Stress and carbohydrate consumption go together like peanut butter and chocolate. Studies in which people were given, covertly, carbohydrate or protein-containing beverages decreased their feelings of depression only after consuming the carbohydrates. This is probably due to an increase in serotonin production. People tend to self-medicate with carbohydrates to decrease the emotional discomfort of stress. If the stress doesn’t go away, neither does the carbohydrate consumption. Therefore a so-called food addiction may last as long as the stress. The best way to stop the overconsumption of carbohydrates, if indeed that is occurring, is to stop the stress.
Is that plausible, really?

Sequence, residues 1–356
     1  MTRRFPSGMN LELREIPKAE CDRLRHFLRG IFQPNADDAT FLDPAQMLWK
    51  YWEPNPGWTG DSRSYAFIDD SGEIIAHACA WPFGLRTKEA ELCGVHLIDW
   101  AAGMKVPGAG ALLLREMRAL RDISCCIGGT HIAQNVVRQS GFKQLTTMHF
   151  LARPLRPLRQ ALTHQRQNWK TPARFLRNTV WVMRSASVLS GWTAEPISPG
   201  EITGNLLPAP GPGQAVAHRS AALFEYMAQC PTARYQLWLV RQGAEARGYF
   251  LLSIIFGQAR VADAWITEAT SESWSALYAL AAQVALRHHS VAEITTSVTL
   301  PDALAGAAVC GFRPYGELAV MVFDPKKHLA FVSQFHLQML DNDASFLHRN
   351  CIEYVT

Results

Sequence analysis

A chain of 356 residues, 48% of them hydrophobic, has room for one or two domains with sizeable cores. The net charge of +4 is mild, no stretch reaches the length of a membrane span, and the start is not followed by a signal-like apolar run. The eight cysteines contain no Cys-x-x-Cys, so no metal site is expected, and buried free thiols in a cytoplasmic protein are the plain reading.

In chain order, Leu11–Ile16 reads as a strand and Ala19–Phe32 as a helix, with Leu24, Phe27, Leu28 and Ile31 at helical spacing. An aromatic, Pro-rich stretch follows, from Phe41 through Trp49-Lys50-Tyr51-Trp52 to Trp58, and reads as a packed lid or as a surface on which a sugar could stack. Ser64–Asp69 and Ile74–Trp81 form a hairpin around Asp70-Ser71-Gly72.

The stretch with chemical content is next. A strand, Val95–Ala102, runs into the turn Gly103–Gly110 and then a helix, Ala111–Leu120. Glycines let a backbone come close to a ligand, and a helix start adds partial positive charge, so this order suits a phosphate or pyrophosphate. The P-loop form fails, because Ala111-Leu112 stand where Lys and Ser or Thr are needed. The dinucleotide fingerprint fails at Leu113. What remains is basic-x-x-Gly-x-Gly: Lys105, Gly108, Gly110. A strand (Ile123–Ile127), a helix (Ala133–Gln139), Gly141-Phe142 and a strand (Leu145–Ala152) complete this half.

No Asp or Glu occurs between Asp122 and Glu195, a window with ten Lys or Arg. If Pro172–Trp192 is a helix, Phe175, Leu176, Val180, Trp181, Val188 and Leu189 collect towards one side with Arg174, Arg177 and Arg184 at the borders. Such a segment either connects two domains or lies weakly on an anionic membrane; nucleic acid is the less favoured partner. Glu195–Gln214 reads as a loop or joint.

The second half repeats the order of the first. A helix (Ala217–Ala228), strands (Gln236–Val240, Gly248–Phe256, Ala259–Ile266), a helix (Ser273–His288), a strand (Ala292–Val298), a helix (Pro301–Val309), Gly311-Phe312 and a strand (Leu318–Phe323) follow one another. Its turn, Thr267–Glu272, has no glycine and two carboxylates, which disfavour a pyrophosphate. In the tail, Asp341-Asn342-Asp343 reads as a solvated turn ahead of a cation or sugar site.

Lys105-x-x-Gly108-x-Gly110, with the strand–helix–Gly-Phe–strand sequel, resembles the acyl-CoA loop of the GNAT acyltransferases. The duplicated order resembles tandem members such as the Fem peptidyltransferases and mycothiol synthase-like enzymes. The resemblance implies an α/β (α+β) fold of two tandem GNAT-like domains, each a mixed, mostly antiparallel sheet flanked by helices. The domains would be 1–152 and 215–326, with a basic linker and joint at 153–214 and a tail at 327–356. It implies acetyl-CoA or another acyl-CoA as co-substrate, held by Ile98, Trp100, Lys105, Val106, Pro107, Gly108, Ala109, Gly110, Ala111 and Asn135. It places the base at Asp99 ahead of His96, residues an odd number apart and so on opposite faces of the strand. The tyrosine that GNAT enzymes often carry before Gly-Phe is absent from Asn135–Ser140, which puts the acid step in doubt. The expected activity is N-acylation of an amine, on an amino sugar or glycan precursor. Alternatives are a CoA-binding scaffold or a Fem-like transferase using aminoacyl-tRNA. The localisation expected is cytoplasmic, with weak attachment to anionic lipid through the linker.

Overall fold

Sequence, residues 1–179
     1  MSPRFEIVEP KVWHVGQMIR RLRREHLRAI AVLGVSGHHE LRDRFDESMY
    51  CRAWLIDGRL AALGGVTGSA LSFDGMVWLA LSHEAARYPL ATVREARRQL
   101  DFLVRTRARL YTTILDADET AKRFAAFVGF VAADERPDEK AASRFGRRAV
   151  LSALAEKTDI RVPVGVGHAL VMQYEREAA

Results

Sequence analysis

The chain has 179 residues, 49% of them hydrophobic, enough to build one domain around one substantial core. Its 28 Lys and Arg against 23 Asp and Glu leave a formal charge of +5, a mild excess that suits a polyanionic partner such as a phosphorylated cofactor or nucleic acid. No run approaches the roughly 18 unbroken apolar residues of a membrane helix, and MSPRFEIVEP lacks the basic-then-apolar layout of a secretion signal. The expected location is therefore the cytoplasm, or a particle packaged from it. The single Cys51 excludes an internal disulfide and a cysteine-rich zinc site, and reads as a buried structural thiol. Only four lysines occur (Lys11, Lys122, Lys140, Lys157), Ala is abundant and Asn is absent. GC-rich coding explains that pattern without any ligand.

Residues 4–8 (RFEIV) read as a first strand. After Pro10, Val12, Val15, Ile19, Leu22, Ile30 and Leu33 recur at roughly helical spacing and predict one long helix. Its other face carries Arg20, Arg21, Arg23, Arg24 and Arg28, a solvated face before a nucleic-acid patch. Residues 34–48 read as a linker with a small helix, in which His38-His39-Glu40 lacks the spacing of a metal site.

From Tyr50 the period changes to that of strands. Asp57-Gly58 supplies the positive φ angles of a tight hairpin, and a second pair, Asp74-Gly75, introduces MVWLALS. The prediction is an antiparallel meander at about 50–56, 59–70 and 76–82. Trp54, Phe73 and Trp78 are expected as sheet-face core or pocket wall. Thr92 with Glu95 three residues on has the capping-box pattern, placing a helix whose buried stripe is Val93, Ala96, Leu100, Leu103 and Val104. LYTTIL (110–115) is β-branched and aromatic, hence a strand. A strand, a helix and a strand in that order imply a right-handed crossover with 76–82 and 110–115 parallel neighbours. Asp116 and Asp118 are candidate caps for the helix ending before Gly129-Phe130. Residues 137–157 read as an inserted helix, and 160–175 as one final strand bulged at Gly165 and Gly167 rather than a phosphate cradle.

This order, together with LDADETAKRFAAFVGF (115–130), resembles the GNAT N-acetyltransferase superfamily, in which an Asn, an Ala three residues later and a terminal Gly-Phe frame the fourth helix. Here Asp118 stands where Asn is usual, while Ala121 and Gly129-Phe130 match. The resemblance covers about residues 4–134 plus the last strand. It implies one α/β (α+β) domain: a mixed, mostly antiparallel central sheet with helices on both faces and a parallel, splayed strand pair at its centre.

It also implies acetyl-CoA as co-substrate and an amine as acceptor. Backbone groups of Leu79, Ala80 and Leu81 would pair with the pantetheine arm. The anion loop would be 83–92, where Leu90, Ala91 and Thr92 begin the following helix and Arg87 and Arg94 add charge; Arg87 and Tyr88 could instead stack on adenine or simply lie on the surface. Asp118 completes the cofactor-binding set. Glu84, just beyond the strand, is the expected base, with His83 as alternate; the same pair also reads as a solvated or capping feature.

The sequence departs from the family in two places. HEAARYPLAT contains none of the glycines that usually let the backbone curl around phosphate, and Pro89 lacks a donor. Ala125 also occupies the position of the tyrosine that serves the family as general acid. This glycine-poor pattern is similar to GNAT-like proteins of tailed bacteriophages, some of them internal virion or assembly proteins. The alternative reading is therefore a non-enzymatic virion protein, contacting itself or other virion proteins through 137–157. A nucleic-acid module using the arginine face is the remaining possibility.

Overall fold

Our bodies and minds can certainly exist without the consumption of sugary carbohydrates. But let’s wait until there is evidence from a placebo-controlled, double-blind studies (neither the subject nor researcher know what is being consumed) that eating a graham cracker, a pancake with a drizzle of maple syrup or their equivalent in sugar grams is generating a food addiction. The situations that cause a craving for sweet carbohydrates such as depression or PMS are difficult enough without the additional burden of worrying that a few gumdrops are going to turn these eaters into addicts.